Developers cite restrictions and a clause forbidding patent infringement suits as key reasons.
According to a survey, only a small number of open-source software developers have adopted the GNU General Public License Version 3.
The survey, released Sept. 25 by Evans Data, shows that only 6 percent of developers working on open-source software have adopted GPLv3. The Evans Data Open Source Software Development Survey also shows that two-thirds of the developers surveyed said they will not adopt GPLv3 in the next year, and 43 percent say they will never implement the new license. In addition, almost twice as many would be less likely to join a project that implements GPLv3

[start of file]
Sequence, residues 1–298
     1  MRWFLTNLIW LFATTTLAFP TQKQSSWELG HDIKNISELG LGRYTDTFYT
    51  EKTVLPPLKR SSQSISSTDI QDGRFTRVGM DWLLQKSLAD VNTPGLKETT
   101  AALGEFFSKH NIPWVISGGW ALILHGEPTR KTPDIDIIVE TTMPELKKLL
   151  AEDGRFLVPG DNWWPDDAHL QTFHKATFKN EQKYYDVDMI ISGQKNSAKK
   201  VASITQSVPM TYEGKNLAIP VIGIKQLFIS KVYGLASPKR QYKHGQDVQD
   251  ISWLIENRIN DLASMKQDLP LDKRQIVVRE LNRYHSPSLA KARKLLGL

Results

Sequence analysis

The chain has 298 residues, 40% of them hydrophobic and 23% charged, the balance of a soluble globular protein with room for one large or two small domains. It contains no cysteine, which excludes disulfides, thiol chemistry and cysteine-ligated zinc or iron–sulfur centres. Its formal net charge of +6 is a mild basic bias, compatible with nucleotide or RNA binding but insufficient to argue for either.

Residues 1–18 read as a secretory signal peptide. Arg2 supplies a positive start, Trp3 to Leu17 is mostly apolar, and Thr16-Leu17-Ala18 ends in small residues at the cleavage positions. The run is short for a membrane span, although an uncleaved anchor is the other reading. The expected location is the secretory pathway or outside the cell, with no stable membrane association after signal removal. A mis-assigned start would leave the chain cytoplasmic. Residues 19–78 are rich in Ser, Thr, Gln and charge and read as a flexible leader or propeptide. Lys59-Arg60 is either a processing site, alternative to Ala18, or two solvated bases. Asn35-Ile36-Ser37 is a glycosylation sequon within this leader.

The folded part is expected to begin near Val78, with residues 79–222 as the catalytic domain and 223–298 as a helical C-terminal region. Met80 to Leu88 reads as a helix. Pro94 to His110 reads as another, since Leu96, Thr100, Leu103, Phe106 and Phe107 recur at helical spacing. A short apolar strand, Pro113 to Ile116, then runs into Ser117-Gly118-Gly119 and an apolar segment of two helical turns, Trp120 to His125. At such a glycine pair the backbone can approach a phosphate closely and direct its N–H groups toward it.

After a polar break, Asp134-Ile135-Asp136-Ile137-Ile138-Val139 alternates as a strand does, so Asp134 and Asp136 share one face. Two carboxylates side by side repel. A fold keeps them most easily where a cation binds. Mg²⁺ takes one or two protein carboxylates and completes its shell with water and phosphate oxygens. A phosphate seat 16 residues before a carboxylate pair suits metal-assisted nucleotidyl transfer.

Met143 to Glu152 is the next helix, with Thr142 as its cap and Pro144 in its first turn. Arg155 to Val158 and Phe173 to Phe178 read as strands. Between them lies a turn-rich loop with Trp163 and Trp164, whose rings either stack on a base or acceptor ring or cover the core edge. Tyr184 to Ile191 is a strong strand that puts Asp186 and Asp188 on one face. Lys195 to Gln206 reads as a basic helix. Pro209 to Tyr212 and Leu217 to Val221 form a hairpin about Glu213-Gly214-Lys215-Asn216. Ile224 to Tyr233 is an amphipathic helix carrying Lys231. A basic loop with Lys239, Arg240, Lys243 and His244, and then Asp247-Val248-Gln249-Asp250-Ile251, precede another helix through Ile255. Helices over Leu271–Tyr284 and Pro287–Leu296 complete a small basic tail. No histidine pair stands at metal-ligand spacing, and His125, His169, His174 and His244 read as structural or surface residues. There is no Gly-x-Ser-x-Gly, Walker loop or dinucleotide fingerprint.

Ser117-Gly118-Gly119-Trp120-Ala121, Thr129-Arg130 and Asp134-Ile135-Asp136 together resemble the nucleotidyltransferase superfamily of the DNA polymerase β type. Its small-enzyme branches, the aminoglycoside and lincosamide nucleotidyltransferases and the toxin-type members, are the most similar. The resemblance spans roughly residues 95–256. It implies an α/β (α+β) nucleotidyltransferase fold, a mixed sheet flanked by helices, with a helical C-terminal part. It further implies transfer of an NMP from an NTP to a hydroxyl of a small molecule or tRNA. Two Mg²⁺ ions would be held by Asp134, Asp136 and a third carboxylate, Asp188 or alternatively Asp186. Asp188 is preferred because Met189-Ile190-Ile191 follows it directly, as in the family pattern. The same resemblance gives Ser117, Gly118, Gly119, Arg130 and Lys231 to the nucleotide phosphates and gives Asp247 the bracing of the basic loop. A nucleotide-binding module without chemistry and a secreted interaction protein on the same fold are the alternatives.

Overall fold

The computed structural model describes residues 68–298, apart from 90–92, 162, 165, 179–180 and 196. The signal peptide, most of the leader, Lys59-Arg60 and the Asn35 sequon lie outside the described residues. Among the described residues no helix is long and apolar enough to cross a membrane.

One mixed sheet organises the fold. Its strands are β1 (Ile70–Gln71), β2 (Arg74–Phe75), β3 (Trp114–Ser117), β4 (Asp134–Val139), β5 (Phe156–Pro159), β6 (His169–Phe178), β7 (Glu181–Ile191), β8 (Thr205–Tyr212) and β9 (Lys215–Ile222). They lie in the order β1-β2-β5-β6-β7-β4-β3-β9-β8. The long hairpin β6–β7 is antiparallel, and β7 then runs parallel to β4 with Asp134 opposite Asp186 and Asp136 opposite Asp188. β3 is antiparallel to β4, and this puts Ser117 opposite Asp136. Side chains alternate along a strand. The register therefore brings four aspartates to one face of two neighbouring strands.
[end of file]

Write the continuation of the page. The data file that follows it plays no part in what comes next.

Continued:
than would be more likely to join, the survey of nearly 400 developers shows.
"GPLv3 is controversial because it imposes restrictions on what you can do with programs implemented under this license," John Andrews, president and CEO of Evans Data, said in a statement. "Developers are confused and divided about those restrictions."
Unlike Microsoft, Novell sticks with GPLv3. Click here to read more.
Evans officials said GPLv3 also incorporates a clause that forbids licensees from bringing patent infringement suits, directly attacking the alliance between Novell and Microsoft
. Seventy percent of the developers polled said that alliance has been bad for the open-source community, the survey said.
The survey also drew out other open-source-related findings: The lack of skills in an organization is the greatest barrier to a migration from Windows to Linux; the Apache Foundation was identified as the organization having the best open-source offerings; and a third of open-source developers are developing desktop applications.
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